Rating agencies are private institutions whose main function is to assess the credit risk of a company or financial product through a series of ratings. These assessments are often used in capital markets as benchmarks for investment decisions.
Rating agencies are organizations specialized in assessing the credit risk of both public and private sector companies that use capital markets for financing. The ratings provide a measurement of these companies’ solvency and of the likelihood that they will not be able to pay their financial obligations. The rating also serves as a benchmark for investors to make decisions as they allow them to see the risk associated with their decisions and therefore, the amount of payment they can demand.
Although the decision to seek a rating is normally made by the company or the institution issuing the product, at least one or two ratings from the main agencies are needed in order to obtain financing (for example by issuing debt or receiving financing by discounting assets in central banks). These main agencies are Standard and Poor’s, Moody’s, and Fitch. All three belong to the U.S. and Canadian group DBRS.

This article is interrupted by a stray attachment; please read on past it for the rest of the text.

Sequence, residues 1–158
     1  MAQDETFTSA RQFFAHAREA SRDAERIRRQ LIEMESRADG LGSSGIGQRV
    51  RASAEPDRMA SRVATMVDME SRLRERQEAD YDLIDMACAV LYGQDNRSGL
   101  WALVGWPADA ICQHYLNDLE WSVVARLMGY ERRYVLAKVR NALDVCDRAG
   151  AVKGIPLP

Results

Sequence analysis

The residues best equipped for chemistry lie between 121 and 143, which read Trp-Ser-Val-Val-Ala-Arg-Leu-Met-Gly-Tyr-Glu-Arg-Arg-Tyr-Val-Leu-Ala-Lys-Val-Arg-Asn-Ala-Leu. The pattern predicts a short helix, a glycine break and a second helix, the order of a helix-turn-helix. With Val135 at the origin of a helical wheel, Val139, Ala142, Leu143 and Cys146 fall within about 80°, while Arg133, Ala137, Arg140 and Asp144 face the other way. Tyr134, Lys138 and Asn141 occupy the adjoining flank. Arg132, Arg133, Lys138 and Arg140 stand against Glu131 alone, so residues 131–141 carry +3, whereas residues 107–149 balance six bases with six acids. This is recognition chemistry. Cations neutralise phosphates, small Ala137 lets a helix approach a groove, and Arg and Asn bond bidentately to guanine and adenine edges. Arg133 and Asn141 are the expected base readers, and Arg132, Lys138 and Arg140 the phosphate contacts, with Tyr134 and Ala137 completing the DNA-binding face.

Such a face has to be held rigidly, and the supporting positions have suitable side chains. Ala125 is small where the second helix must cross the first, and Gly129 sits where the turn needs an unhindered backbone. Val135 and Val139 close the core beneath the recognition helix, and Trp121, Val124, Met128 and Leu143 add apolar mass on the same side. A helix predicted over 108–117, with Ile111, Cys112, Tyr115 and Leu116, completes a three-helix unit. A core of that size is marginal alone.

When giving their rating, the agencies use data from the countries or organizations requesting their service and analyze their fundamentals and behavior if certain situations of stress were to occur. Each rating agency uses its own methodology when assigning a rating.
The ratings are scored using alphabetic codes based on a limited scale that is stable over time. Although the rating agencies’ ratings are not completely the same, they are close enough to allow users to determine the credit rating of an issuer or a product immediately. The rating AAA (or Aaa for Moody’s) is the highest credit rating and implies a negligible risk of default. There are also two major groups of ratings: investment grade and speculative grade. Ratings below BBB- (Baa3 for Moody’s) are considered to be speculative grade and have a high risk of default.
The rating agencies’ decisions have a huge impact. For example, losing investment grade status can make financing much more expensive for a company or country, and could event prevent them from obtaining financing.
There have been several attempts to create a public rating agency. In fact, the possibility of creating a public European rating agency was suggested during the crisis, but never materialized.